The Autograph Book

Stories

In September, 1913, at the age of 15, my grandmother, Lily Wray, traveled to Accrington, England to visit her mother’s family.  During the visit she was given an autograph book, signed by a dozen relatives and new friends.  That book now has a place of honor in my collection of family photos and documents.

The sentiments range from silly to serious and as a whole make an interesting picture of the time, place and people – of a world that within a year would change forever with the start of the Great War.  I remember asking my grandmother once what impact the war had on her generation.  “It changed everything,” was her answer.

It certainly changed the lives of the people she met during that visit. I’ve researched some of the names in the autograph book – cross-referencing with the lists of killed, missing and wounded from Accrington during the War.  No family was untouched.  And I felt a particular sense of poignancy when I found a photo of Tom Broadley on the Accrington Pals website.  He died at Ypres in August, 1917.  In 1915, he signed my grandmother’s book twice and followed it up with a birthday card the next April. He was 22 when he died.

Reading through the autographs, I’ve been both intrigued and inspired. By now all the writers have died, but their words still exist.  It seemed wrong to keep them isolated in a box with no audience.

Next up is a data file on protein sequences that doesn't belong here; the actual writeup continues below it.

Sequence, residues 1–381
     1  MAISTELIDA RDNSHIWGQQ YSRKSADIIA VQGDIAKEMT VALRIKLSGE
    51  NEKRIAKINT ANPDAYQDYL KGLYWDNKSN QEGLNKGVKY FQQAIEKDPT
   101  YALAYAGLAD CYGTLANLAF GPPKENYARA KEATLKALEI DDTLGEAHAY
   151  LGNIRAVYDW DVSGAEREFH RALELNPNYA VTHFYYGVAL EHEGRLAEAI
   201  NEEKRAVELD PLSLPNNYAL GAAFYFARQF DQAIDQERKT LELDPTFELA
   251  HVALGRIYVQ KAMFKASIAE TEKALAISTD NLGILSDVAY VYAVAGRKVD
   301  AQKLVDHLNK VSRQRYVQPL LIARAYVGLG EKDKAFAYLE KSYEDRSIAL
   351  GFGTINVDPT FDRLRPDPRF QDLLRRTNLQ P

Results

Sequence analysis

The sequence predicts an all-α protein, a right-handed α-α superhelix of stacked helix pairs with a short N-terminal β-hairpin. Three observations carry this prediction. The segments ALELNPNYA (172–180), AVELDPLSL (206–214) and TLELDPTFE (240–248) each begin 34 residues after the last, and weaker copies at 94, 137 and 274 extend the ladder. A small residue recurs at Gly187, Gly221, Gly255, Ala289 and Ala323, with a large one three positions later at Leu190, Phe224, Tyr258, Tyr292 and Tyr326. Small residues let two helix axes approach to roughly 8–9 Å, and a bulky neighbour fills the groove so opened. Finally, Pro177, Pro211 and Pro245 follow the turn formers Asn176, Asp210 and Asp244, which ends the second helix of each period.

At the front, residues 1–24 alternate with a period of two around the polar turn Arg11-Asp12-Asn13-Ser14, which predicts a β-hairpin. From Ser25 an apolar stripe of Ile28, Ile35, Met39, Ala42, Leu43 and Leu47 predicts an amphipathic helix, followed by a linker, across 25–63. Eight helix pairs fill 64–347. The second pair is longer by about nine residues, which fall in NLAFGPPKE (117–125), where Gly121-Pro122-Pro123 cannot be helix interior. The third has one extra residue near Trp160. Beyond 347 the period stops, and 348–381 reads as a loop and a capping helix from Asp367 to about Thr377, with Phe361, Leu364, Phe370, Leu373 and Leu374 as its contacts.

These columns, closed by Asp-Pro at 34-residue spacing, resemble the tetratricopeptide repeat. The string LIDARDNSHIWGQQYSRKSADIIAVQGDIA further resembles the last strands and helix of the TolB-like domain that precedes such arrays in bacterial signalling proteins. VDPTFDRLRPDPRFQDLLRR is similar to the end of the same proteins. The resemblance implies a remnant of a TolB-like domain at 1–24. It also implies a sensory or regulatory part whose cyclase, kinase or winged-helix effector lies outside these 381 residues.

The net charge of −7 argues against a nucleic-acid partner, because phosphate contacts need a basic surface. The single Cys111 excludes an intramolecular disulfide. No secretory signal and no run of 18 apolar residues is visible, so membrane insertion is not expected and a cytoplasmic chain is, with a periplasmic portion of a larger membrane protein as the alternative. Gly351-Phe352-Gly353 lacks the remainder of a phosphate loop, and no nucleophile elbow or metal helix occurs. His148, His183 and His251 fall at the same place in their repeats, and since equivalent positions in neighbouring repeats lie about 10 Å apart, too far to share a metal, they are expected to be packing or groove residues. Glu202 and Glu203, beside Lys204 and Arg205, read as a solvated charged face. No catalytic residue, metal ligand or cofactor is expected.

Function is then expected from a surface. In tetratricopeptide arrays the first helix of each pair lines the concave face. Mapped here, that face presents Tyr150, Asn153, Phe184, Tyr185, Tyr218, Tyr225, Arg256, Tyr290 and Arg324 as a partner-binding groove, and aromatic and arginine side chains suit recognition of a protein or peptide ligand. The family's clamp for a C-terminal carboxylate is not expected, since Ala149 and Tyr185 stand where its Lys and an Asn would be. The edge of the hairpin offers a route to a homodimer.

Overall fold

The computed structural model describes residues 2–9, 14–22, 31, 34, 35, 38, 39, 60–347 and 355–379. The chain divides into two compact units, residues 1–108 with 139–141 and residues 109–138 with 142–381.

In 2014 I began work on a series of digital collages that combine the autographs with vintage photos.  Usually I start a piece by looking at a photo and imagining a story for the person pictured.  In this case, I began with words and looked for a visual expression. I hope the writers would approve of the results. Eventually, the series expanded to include other writings found on the backs of old snapshots (both family and yard-sale acquired).   You can see some of the results in the Gallery.

The autograph book meant a lot to my grandmother.  She kept it safe for over eighty-five years.  I don’t think she imagined it would be as special to anyone else as it was to her, but I think it’s extraordinary.  Thanks, Grandma.

3 thoughts on “The Autograph Book

  1. This is an amazing series. A beautiful young girl, sitting so composed on the deck of the sailing ship is a powerful image. I hadn’t realized that of course it would be a sailing ship in 1913. Did you know those ladders going up to the (not seen) masts are called ratlines? Pronounced ratlins. The boards to make up the ladder are called rat boards. Amazing photo and story. Thank you. Cant’ wait for more.

    Like

Leave a Reply

Fill in your details below or click an icon to log in:

WordPress.com Logo

You are commenting using your WordPress.com account. Log Out /  Change )

Google+ photo

You are commenting using your Google+ account. Log Out /  Change )

Twitter picture

You are commenting using your Twitter account. Log Out /  Change )

Facebook photo

You are commenting using your Facebook account. Log Out /  Change )

w

Connecting to %s